Activists angry as Joburg Zoo takes on two new elephants, despite protests

14 June 2019 - 17:13 By Louzel Lombard for Conservation Action Trust
Two elephants have been relocated from the Eastern Cape to the Joburg Zoo despite petitions against the move that have 300,000 signatures, and a letter from leading elephant management experts.
Two elephants have been relocated from the Eastern Cape to the Joburg Zoo despite petitions against the move that have 300,000 signatures, and a letter from leading elephant management experts.
Image: Reuben Goldberg

Two free-roaming elephants from the Eastern Cape have been relocated to a small, barren  enclosure in Joburg Zoo.

The move ignores more than 300,000 signatures to public petitions and a letter from leading elephant management experts to break the cycle of captivity.

The elephants were sold to Joburg Zoo in a deal done behind closed doors.

According to a sworn affidavit the Gauteng department of agriculture and rural development (GDARD), "issued no permits for the import and transportation of captive elephants into the province of Gauteng in the period from December 1 2018 to May 13 2019".

GDARD is responsible for issuing moving permits for the elephants. 

According to Ban Animal Trading (BAT), GDARD chose to hide information from the public, whom they are mandated to represent.

"GDARD and the Johannesburg Zoo have clearly worked together to hide the truth from the public," they say. 

No comment was received on when the permits were finally issued. The elephants arrived in Johannesburg on Thursday June 13.

Brett Mitchell, chairman of the Elephant Reintegration Trust (ERT), says it is a disaster waiting to happen.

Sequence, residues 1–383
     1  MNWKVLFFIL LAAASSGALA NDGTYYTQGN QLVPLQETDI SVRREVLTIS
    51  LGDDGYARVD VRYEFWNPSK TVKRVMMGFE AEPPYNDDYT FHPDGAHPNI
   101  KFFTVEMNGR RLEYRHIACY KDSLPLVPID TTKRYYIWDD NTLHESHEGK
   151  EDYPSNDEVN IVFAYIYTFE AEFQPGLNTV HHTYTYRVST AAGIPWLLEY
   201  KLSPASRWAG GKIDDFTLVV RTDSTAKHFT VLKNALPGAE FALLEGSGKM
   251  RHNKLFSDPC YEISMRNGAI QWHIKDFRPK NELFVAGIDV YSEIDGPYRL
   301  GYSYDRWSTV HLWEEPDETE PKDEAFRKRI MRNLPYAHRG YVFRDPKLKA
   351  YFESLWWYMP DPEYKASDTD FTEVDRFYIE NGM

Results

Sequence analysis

"These elephants were taken straight from a free-contact situation into a protected enclosure with no transitional period. There is no space in the enclosure, which is surrounded by a moat system which they have never had to deal with," said Mitchell.

The two new elephants, a 21-year-old male named Ramadiba and a 19-year-old female named Mopane, were initially captured from the wild before being sold to the Eastern Cape-based Inkwenkwezi Private Game Reserve near Chintsa. The reserve offered elephant interactions to paying visitors, with Ramadiba and Mopane as main attractions.

They now join Lammie in the enclosure.

Both Lammie and her previous partner, Kinkel, who died at the zoo, have been injured after falling into the moat. In 2001, Lammie fell in and was reported to have "both right legs stiff" and broke her tusk, but survived. Kinkel fell into the moat in 2007 but was apparently uninjured. He died at the zoo in September last year after a long-term history of chronic colic and eating sand. He was 35 years old.

Following his death, Joburg Zoo stated that the elephant enclosure would be enlarged. However, no such improvements have been made.

ERT, together with leading elephant management organisations Humane Society International - Africa and the EMS Foundation, has been working since September last year to release Lammie to a rewilding facility with a herd of previously captive elephants.

This article was supplied by the Conservation Action Trust


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